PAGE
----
Restaurant reviews. How impartial can they really be?
What I mean is: how impartial can we be, reviewing a restaurant that’s what a cliche would tell you is a stone’s throw away, what in reality translates as a visible cake display away.
One where the almond croissants can be counted with the naked eye.
One where the toasted custard (pastis de nata, to save you time at the counter when you frenetically order just in case someone in the restaurant has ordered one of these mightily tasty items for dessert and you’re left tongue-tied, searching for the Portuguese for delicious custard magic with the phyllo pastry tart shell. THAT THING! THERE!!) tarts are also visible, and also calling you.
One where the smell of the bread wafts over with the persuasiveness of a Tony Robbins seminar.
How impartial can we be when we know dishes won’t make the menu if they cannot be put together in a certain amount of time without compromising on their exceptional standards? (Try this. I have never experienced service in tandem with the deliciousness of meals like IDP before)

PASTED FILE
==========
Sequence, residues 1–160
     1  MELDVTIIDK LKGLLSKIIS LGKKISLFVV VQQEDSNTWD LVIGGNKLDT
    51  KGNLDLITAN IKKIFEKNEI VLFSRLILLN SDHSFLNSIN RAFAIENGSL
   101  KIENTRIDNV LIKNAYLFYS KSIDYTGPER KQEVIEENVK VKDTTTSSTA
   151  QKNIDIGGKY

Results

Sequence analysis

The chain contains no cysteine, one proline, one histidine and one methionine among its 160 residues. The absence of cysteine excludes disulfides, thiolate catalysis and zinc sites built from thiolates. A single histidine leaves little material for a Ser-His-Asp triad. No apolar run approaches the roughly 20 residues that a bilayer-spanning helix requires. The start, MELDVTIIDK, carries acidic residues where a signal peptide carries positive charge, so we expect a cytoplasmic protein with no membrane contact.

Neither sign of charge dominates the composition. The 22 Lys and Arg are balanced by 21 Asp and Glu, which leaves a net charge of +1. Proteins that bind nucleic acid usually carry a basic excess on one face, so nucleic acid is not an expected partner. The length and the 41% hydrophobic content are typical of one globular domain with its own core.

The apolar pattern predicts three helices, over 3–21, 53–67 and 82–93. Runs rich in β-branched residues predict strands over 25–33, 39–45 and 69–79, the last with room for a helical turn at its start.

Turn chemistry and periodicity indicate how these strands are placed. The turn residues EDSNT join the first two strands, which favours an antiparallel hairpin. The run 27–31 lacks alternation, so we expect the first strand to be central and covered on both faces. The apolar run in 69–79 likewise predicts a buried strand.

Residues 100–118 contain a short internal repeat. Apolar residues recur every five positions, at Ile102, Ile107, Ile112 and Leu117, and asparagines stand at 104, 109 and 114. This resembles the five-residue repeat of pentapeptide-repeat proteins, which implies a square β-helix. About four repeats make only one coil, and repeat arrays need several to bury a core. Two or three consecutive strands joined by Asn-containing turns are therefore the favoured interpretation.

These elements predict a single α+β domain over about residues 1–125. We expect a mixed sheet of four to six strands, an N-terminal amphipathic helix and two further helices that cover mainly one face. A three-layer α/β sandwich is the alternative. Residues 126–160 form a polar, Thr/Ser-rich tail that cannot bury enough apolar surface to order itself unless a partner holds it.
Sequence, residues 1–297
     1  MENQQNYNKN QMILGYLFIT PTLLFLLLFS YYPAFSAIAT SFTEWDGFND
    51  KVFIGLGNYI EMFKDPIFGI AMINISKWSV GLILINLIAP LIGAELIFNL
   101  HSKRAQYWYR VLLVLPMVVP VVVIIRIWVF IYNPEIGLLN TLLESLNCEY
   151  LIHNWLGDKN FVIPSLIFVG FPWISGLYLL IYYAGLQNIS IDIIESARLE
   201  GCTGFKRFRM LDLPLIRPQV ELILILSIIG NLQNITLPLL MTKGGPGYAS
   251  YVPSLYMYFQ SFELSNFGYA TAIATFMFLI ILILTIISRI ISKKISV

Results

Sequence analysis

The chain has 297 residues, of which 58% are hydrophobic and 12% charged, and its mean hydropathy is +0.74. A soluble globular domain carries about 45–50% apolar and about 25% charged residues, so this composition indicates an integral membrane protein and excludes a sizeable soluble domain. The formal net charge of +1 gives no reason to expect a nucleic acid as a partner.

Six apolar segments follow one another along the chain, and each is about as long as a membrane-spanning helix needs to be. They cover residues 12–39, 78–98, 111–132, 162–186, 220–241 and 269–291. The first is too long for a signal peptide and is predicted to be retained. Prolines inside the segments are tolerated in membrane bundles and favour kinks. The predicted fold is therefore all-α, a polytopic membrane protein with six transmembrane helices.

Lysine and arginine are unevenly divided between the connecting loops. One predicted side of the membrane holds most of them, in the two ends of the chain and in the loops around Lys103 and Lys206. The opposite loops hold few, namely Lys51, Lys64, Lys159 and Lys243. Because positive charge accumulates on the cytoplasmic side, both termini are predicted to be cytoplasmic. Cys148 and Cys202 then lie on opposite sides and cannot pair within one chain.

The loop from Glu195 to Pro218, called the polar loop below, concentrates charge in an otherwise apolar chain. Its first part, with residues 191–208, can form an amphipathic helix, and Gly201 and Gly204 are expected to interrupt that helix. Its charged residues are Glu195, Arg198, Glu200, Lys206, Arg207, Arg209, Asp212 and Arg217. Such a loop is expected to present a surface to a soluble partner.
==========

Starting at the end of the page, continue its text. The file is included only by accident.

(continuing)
It would be a challenge to be impartial when you have seen the details of what makes IDP what it is: watching the owner after hours fix a basic hinge mechanism on a bakery door, then cleaning the floor himself, 15 years into this business.
Not giving the job to someone else to do.
Not waiting until tomorrow as he got up at 4am like many in the baking trade and he’s pretty damn tired by now.
No, he wants to get it done, and he cares to get it done, and that attention to detail defines this place, and when you see a foundation like that, a value, you can’t help but be impressed.
We are clearly partial.